3. Extend the "everything in its place" mentality to another kitchen staple: the dishtowel. Instead of leaving it in a damp heap on the counter, install a towel bar, towel ring or hook to the side of a cabinet or island to create a spot for it to hang. Not only will it free up space, but like in the bathroom or powder room, you'll always know where to look for it when you need it.

4. If you have a pantry, go beyond simple shelves to make this area work better—and smarter—for you. Pullout baskets and shallow drawers will ensure your pantry offers a proper place for everything. Curved cradles can turn an ordinary shelf into a beverage storage center, allowing you to store wine, water or soda bottles on their sides. And instead of wasting the space on the back of the door, install a slim, vertical storage system to provide a spot for plastic wrap, aluminum foil and other awkward-sized kitchen must-haves.

Published with permission from RISMedia.


Simple Tips to Achieve Short Sale Success

December 12, 2015 10:51 am

If you’re in the market for a new home, chances are you’ll come across the term ‘short sale’ at some point in your search. In its simplest terms, a short sale is when a home is sold for less than what is owed and the bank forgives the excess debt.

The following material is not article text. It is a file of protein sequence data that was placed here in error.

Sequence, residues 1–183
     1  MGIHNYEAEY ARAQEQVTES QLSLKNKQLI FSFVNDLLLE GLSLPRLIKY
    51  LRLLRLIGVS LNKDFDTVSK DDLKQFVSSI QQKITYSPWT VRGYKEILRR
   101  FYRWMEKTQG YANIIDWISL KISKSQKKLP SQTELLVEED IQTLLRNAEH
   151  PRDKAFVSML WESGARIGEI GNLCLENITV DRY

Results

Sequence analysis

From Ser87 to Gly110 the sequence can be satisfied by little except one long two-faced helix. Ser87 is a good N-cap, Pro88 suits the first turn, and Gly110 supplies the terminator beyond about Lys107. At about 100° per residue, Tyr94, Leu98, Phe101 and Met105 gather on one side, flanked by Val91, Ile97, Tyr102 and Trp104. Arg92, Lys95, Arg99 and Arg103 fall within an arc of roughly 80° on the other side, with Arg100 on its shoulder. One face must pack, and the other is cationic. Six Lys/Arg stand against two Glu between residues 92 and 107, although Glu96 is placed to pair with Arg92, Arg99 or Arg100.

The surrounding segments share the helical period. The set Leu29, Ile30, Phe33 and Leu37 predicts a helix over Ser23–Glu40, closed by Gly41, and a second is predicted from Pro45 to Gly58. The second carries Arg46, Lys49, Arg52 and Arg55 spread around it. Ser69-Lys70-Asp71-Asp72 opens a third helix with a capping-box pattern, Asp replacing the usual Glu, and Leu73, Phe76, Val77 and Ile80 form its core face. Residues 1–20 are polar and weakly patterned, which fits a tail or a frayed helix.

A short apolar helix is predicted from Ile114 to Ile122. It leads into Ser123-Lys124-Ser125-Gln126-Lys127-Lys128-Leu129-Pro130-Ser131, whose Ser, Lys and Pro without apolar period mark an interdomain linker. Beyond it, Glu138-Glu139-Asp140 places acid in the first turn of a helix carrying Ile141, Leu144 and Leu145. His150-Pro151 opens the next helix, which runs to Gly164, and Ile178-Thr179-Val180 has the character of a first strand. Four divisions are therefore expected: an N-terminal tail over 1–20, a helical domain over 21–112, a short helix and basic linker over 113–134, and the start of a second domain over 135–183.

While short sales were a very popular means of selling a home within the past few years, they’re in much less supply today as the housing market continues to recover.  In fact, banks are more reluctant to grant a short sale unless there is some form of financial hardship that’s causing an inability to afford the mortgage payment. 

Another reason for the drop in short sales is that lenders are finding that as home prices rise, more often than not, they can get a better outcome through foreclosure auctions or REO sales, which are often quicker than short sales.

While the number of short sales has fallen significantly over the last few years as rising home values have forced far fewer distressed homeowners to sell, short sales remain plentiful in some areas of the country, and you can still find some serious bargains.

Once a bank receives a short sale request from a homeowner, the bank performs a BPO (Broker Price Opinion), which is simply an opinion of what the house is worth from a local real estate broker. The bank uses this BPO when determining the short sale amount. 

But that doesn’t mean you shouldn’t be bargaining. In fact, the whole idea of going for a short sale is to find a home for less than market value. However, when making an offer, be sure you don’t lowball too much. 
If you’re interested in pursuing a short sale, your agent should check recent home sales in the area to get a better idea of the properties that are selling and work with you to come up with an appropriate price that’ll be more likely to be approved by the bank.